President Barack Obama and his allies in the Senate pushed Tuesday for a bill that calls for equal pay in the workplace, an election-year effort to merge political appeals to women with the No. 1 concern for all voters: the cash in their wallets on the heels of recession.
The device for this debate is legislation without hope for surviving the Senate this year, but with meaning for women workers making an average of 77 cents for every dollar earned by men. Lilly Ledbetter, the face of the movement for workplace equality, is expected to speak alongside Senate Democrats and watch the vote from the Senate gallery. She has long complained that Obama's Republican challenger, Mitt Romney, won't say whether he supports the bill.
"To those of our colleagues who claim to be so concerned about the economy and the middle class, now is your chance to prove to your constituents that you really mean what you say," said Sen. Patty Murray, D-Wash., as debate opened Tuesday. "The paycheck fairness act is not just about women, and it is not just about fairness. It is about the economy."
The debate has Republicans on the defensive, arguing that stabilizing the economy is the best way to ensure equal treatment and that the bill would unfairly burden employers.
"Of course Gov. Romney supports pay equity for women," said Romney spokeswoman Amanda Henneberg. "In order to have pay equity, women need to have jobs, and they have been getting crushed in this anemic Obama economy, losing far more jobs than men."
Ledbetter sent a letter to Romney Tuesday in which she again challenged him to take a stand.
"Your campaign will say only that you support the concept of pay equity, but that you wouldn't change any laws to actually enforce it," she wrote. "That's like saying you're for staying dry but wouldn't use an umbrella in a rainstorm."
The response came amid a choreographed showdown on the Senate floor over the "Paycheck Fairness Act," a measure that aims to strengthen the Fair Labor Standards Act's protections against paycheck inequities based on gender.
The legislation, sponsored by Sen. Barbara Mikulski, D-Md., would require employers to prove that differences in pay are based on qualifications, education and other "bona fides" not related to gender. It also would prohibit employers from retaliating against employees who ask about, discuss or disclose wages in response to a complaint or investigation. And it would make employers who violate sex discrimination laws liable for compensatory or punitive damages. Under the bill, the federal government would be exempt from punitive damages.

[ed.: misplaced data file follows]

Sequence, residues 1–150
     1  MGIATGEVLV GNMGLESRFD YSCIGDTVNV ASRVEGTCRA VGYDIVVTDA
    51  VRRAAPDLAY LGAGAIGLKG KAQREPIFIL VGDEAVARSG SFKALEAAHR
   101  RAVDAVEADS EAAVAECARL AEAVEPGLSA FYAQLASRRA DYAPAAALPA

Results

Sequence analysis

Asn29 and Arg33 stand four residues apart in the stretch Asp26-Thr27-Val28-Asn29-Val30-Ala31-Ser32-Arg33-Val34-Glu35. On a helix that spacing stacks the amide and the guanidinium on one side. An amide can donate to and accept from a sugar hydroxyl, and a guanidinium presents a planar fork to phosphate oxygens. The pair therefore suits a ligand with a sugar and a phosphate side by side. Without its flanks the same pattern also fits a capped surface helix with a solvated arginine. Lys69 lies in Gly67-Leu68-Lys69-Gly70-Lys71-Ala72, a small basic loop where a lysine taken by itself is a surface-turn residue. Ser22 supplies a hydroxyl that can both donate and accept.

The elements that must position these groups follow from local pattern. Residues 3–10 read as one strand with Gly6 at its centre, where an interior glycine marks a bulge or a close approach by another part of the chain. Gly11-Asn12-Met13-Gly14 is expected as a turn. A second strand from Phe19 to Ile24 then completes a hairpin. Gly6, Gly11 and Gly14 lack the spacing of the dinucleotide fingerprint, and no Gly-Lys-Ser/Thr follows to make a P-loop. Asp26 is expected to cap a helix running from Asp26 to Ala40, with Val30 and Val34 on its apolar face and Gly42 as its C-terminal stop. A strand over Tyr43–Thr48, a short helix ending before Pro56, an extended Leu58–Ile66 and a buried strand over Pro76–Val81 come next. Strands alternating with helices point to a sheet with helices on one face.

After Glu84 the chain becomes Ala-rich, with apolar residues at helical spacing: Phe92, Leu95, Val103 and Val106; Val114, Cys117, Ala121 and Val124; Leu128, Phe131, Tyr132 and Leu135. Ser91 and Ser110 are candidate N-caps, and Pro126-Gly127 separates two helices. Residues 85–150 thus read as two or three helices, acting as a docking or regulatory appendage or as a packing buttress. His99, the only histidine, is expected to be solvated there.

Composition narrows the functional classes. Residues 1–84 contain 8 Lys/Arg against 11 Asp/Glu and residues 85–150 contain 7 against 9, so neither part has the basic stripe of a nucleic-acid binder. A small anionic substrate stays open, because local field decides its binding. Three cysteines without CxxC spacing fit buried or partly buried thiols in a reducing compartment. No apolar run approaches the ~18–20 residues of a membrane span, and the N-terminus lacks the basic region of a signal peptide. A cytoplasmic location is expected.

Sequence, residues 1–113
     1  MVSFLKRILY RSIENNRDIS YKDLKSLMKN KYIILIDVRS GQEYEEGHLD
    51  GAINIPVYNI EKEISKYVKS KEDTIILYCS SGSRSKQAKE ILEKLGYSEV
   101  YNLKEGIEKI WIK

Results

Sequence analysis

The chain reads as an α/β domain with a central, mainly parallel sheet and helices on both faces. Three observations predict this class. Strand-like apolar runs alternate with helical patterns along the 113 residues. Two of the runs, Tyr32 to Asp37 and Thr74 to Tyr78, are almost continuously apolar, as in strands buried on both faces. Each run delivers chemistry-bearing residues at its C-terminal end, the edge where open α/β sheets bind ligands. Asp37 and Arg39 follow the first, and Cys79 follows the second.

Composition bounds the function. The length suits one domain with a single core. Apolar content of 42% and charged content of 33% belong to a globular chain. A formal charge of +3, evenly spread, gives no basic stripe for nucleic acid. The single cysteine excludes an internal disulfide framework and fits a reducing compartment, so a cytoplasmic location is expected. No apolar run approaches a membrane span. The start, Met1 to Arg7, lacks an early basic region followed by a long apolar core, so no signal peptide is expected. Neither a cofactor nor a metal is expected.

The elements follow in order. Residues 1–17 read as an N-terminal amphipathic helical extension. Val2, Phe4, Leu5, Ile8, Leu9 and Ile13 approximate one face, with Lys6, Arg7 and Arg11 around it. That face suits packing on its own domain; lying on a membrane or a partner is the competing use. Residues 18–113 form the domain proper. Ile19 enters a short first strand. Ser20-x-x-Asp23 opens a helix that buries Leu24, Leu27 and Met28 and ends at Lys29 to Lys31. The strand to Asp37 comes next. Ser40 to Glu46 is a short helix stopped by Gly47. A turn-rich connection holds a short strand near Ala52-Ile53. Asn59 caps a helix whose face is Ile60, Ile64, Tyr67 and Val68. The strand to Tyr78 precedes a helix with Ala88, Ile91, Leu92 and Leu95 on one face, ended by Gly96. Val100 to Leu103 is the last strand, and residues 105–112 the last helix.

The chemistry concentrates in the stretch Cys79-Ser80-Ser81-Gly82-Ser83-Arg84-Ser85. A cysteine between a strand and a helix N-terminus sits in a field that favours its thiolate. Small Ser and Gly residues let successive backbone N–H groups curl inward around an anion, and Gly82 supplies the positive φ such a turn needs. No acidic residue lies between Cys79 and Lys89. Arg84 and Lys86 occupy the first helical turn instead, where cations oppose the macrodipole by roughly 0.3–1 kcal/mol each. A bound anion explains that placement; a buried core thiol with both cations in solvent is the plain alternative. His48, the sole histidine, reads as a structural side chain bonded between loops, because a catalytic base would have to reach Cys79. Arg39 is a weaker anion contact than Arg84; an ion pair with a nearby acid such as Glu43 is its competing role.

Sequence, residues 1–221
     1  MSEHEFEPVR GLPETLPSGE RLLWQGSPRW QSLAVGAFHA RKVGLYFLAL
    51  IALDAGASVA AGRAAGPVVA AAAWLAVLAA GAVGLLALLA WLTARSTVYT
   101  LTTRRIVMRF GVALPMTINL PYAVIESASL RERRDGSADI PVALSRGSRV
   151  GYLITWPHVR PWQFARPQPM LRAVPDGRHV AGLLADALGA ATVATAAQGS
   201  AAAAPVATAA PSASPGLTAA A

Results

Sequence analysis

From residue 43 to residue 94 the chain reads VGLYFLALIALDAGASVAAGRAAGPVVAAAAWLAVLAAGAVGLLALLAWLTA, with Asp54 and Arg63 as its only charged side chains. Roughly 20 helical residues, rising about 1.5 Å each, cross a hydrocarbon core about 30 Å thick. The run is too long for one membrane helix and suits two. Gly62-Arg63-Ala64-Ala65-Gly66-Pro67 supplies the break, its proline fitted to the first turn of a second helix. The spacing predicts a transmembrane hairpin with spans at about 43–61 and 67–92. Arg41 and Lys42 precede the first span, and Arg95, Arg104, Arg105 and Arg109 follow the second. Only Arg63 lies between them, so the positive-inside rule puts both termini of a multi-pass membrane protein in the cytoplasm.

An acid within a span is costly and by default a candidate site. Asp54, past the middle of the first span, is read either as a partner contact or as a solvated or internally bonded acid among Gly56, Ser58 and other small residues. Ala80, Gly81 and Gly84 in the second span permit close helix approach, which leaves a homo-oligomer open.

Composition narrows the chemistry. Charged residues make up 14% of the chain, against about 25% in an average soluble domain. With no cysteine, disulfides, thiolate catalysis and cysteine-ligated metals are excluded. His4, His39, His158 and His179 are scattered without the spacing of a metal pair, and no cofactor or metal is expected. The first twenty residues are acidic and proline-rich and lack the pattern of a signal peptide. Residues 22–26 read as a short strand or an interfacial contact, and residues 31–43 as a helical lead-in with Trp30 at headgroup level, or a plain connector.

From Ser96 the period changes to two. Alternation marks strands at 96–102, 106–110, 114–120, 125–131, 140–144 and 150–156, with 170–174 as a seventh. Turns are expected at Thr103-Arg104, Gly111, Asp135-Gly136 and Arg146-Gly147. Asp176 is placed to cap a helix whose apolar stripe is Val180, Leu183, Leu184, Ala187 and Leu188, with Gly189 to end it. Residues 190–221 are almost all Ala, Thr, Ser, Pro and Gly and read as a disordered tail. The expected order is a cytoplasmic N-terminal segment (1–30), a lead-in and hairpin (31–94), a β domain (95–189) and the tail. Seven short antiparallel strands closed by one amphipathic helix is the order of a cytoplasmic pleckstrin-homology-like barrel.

Proponents of the bill say it is the next step after the Lilly Ledbetter Fair Pay Act, which Obama signed into law in 2009. The law effectively overturned a Supreme Court decision that had strictly limited workers' ability to file lawsuits over pay inequity. Ledbetter said she didn't become aware of her own pay discrepancy until she neared the end of her 1979-1988 career at a Goodyear Tire & Rubber Co. plant in Gadsden, Ala.
Near the end of her career, she received an anonymous tip that she was earning less than her male colleagues. She filed a charge with the Equal Employment Opportunity Commission. A jury initially awarded her more than $3 million in back pay and punitive damages, a sum that a judge later reduced to $300,000.
The Supreme Court in a 5-4 ruling in May 2007 threw out Ledbetter's complaint, saying she was required to bring suit within 180 days of the initial act of discrimination even though she was not aware at the time that she was receiving less than her male colleagues.
The Ledbetter Act clarified that the 180-day statute of limitations is extended every time an employer violates the law by issuing a paycheck or engages in other practices that discriminate. Therefore, if an employee alleges that she received a salary 20 years ago that was less than that of male co-workers because of discrimination, each new paycheck since that occurrence would be a new unlawful employment practice that resets the statute of limitations. The bill retains current limits on employer liability by restricting back pay awards to two years.